Institute and Partners Request Racial Data on COVID-19 Impact Information Essential for Providing Support to Hardest Hit Communities of Color in NJ

The New Jersey Statehouse. Senator Doherty's bill unfairly impacts skilled tradesmen, the writer argues.

Institute and Partners Request Racial Data on COVID-19 Impact

Information Essential for Providing Support to Hardest Hit Communities of Color in NJ

 

 

NEWARK – The New Jersey Institute for Social Justice and its United Black Agenda partners wrote Governor Murphy Tuesday requesting that the State publicly release the following demographic information regarding the current public health crisis:

  • Who has been tested, broken down by age, race, ethnicity, municipality, and gender;
  • Who has tested positive, broken down by age, race, ethnicity, municipality, and gender; · The fatality rate, broken down by age, race, ethnicity, municipality, and gender;
  • Who is or has been hospitalized, broken down by age, race, ethnicity, municipality, and gender; and
  • The incidence of testing, infection, hospitalization, and fatalities among the youth and adult incarcerated populations, broken down by age, race, ethnicity, and gender.

Citing statistics demonstrating the disproportionate impact of the virus on communities of color across the country, the letter said, “Public health crises always reveal the cracks in our safety net foundation. And as we are experiencing through this pandemic, these cracks cause earthquakes in our Black and Latina/Latino communities, as well as in other communities of color.”

 

The letter continued, “Black people are dying across this country from COVID-19 at strikingly disproportionate rates. That outcome is caused by decades of racism reflected in disinvestment in Black communities, grinding poverty, relentless hypersegregation, redlining and substandard public housing, healthcare, and educational opportunities, police brutality, food deserts, pollution, and landfills.  As a result of these factors, Black people suffer from higher rates of the underlying conditions on which COVID-19 preys: asthma, high blood pressure, diabetes, and more…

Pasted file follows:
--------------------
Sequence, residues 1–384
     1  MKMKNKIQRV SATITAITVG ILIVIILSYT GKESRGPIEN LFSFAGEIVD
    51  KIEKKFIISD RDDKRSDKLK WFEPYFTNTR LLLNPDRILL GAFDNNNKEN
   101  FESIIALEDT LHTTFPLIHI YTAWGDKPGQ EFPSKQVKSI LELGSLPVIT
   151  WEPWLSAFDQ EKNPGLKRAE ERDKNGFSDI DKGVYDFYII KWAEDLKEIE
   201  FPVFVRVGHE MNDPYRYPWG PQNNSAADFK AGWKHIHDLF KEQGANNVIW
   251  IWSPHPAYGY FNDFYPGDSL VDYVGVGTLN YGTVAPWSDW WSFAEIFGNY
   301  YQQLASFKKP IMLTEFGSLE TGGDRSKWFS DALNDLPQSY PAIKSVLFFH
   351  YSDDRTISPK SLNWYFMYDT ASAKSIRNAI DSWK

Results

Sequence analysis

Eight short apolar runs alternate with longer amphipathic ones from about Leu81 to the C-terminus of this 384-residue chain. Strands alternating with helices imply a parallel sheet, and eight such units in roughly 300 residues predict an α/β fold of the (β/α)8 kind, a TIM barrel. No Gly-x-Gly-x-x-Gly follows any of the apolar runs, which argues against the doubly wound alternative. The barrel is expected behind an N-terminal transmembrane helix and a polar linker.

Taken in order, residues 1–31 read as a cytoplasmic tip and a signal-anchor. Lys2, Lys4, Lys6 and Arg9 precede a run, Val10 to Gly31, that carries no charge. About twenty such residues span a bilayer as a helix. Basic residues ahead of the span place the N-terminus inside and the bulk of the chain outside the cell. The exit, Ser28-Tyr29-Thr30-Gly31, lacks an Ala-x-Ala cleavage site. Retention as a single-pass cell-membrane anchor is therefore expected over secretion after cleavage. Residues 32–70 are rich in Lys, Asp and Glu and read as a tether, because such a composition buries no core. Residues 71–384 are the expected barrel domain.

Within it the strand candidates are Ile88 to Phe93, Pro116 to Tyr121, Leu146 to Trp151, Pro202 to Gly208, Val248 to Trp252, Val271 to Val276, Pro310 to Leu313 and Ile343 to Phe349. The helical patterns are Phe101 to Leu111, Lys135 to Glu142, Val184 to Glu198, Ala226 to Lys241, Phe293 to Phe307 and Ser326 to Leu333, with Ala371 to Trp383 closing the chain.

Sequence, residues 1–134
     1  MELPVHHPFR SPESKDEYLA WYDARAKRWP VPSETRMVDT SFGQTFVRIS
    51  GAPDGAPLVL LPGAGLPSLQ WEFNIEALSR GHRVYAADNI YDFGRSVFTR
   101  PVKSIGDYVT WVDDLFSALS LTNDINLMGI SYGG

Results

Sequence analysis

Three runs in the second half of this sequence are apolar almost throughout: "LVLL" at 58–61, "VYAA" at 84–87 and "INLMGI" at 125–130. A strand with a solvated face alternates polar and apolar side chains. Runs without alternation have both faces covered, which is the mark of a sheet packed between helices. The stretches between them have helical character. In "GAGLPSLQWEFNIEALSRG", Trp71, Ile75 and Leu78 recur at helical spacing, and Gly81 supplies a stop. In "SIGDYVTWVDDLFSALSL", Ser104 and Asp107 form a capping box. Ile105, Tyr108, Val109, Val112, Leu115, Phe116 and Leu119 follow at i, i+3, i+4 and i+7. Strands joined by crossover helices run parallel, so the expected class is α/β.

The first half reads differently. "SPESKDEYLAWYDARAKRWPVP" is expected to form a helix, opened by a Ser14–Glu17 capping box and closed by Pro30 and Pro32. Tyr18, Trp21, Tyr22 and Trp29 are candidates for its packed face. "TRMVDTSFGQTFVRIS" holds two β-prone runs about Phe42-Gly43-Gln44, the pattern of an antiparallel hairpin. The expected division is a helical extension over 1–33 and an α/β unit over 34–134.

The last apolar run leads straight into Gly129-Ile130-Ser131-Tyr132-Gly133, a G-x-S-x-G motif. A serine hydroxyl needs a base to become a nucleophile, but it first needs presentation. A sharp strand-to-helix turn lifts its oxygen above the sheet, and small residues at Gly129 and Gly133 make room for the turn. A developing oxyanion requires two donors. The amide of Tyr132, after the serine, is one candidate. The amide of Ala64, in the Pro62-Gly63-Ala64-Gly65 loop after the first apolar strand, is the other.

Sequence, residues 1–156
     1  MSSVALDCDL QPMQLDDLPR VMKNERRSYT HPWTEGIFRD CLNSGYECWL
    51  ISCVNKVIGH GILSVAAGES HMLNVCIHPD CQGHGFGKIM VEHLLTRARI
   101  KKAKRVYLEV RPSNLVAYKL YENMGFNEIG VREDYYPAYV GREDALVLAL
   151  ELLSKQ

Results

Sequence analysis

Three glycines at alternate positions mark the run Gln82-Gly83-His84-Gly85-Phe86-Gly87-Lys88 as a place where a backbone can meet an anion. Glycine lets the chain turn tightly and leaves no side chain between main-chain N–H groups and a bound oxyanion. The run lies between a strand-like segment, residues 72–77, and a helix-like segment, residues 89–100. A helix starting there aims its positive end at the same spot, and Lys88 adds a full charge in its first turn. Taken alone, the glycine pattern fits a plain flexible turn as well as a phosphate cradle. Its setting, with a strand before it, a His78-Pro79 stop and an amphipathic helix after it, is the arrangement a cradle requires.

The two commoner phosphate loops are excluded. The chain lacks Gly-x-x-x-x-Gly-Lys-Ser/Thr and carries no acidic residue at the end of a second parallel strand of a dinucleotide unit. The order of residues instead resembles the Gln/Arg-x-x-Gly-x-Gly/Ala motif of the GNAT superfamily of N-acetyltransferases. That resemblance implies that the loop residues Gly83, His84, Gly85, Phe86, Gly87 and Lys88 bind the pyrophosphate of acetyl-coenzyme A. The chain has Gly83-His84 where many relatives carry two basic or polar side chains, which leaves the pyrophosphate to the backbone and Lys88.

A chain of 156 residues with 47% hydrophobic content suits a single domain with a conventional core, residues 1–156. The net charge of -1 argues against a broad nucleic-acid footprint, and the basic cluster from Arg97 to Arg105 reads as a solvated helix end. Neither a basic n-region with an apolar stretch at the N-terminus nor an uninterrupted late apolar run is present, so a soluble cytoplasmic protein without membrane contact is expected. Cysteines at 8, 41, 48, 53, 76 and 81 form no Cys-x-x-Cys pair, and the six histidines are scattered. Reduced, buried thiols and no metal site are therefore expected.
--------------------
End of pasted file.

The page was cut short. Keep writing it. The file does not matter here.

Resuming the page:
“A disproportionate number of low-wage Black and Latina/Latino New Jerseyans are likely to have “essential” jobs that can’t be done remotely and which put them in close contact with others – including in nursing homes, at cash registers, in kitchens, or as part of custodial teams. Black people are also more likely to use public transportation to travel to jobs, making social distancing difficult.”

 

The letter also pointed out the racial disparities in youth incarceration, which mean that an outbreak in youth prisons would disproportionately impact youth of color.

 

The letter concluded, “Our communities of color are already lacking adequate investment. These conditions will worsen as this pandemic unfolds …  In order for the necessary investment to be made in treating, repairing, and empowering these communities, it is critical that we have the data to inform the required scope and depth of that investment.”

 

The Murphy administration has begun releasing some initial racial impact data. The early findings – while not surprising – are troubling. For 729 of the 1,232 deaths where the information is available, 24% are Black – while Black people are only 15% of the state’s population.

 

A full copy of the letter can be found here.

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